Greg M. Jung   11/16/2013 7:44:29 PM
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I am especially interested in the optimized support structure (slide 3) which shows a dramatically reduced amount of support structure material being used.  This is can be very significant for certain applications.  Not only will this save money (less material used), but will also allow for a much faster cleanup of parts (saves time).  In addition to this, certain designs have very delicate features.  By creating a minum amount of material to remove on these delicate features, part breakage and damage can also be reduced.

Ann R. Thryft
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Re: Optimized Support Structures
Ann R. Thryft   11/18/2013 12:06:08 PM
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Greg, that's a good point about delicate designs and less support structure. That one hadn't occurred to me.

BillStruve
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Iron
3D Printing with metal clay
BillStruve   11/26/2013 9:23:46 PM
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A new way of 3D printing is to extrude metal clay, like Metal Adventures Inc. BRONZclay.  After the print is air dried, it is fired in a kiln to fuse the metal particles in the clay into solid metal.  This technique is used in the Mini Metal Maker: http://minimetalmaker.com/press  It is also being used successfuly in the Netherlands.

Ann R. Thryft
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Re: 3D Printing with metal clay
Ann R. Thryft   11/27/2013 12:34:53 PM
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Thanks for the tip and the link, BillStruve. I just came across the Mini Metal Maker. But I hadn't heard yet about Metal Adventures. It seems that new 3D printing methods and materials are being invented or refined every day. Can you tell me more about where this technique is being used in the Netherlands?

BillStruve
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Iron
Re: 3D Printing with metal clay
BillStruve   11/27/2013 3:52:14 PM
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Rik Theunissen and Noortje Meijerink used it to print sculptures, and in England, Imakr.vc ordered some for R&D. We have been supplying the clay to artists and jewelers for the last six years. You may also be interested in the AMPM (Additive Manufacturing with Powder Metallurgy) meeting in Orlando next May where I'll be giving a talk.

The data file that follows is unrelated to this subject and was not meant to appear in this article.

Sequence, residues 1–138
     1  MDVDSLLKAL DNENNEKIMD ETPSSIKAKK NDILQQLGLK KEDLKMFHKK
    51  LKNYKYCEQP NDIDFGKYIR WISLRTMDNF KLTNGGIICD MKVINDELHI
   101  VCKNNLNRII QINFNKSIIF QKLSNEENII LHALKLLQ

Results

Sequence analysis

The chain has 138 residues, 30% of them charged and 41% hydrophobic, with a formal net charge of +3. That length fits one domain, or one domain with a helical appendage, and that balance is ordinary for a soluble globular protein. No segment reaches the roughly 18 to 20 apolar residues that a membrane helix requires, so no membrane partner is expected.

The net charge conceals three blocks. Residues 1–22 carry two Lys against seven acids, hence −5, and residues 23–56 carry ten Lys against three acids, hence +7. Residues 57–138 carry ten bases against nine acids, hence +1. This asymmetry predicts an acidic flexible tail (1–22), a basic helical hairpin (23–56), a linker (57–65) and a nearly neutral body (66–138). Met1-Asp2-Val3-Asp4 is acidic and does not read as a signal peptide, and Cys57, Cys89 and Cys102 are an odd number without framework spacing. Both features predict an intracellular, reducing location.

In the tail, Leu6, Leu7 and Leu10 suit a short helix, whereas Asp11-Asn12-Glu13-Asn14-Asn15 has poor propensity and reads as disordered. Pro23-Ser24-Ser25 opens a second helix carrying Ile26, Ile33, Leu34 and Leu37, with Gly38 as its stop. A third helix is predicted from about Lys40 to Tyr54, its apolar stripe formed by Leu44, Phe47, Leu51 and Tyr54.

BillStruve
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Iron
Re: 3D Printing with metal clay
BillStruve   11/27/2013 3:57:44 PM
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Rik Theunissen and Noortje Meijerink used it to print sculptures, and in England, Imakr.vc ordered some for R&D. We have been supplying the clay to artists and jewelers for the last six years. You may also be interested in the AMPM (Additive Manufacturing with Powder Metallurgy) meeting in Orlando next May where I'll be giving a talk.

Ann R. Thryft
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Re: 3D Printing with metal clay
Ann R. Thryft   12/2/2013 11:51:28 AM
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Thanks for the details. It sounds like it's mostly aimed at craft, art, jewelry and hobby applications. I'm more interested in industrial and commercial uses. Do you think that's possible in the future?

BillStruve
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Iron
Re: 3D Printing with metal clay
BillStruve   12/2/2013 1:01:21 PM
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Yes!